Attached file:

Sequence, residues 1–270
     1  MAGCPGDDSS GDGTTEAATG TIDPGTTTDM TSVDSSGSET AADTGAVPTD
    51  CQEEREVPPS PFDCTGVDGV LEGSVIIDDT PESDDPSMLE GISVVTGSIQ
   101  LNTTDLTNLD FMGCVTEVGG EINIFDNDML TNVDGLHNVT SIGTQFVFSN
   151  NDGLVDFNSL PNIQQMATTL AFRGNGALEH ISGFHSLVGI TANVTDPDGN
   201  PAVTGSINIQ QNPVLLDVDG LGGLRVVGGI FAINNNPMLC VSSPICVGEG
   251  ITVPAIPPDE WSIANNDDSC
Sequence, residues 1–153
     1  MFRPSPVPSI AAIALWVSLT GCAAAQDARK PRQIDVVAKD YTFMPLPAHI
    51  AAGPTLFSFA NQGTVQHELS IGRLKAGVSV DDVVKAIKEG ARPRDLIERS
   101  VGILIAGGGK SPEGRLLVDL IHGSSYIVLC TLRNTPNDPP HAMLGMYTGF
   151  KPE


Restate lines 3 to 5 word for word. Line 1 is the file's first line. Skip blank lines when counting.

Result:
    51  CQEEREVPPS PFDCTGVDGV LEGSVIIDDT PESDDPSMLE GISVVTGSIQ
   101  LNTTDLTNLD FMGCVTEVGG EINIFDNDML TNVDGLHNVT SIGTQFVFSN
   151  NDGLVDFNSL PNIQQMATTL AFRGNGALEH ISGFHSLVGI TANVTDPDGN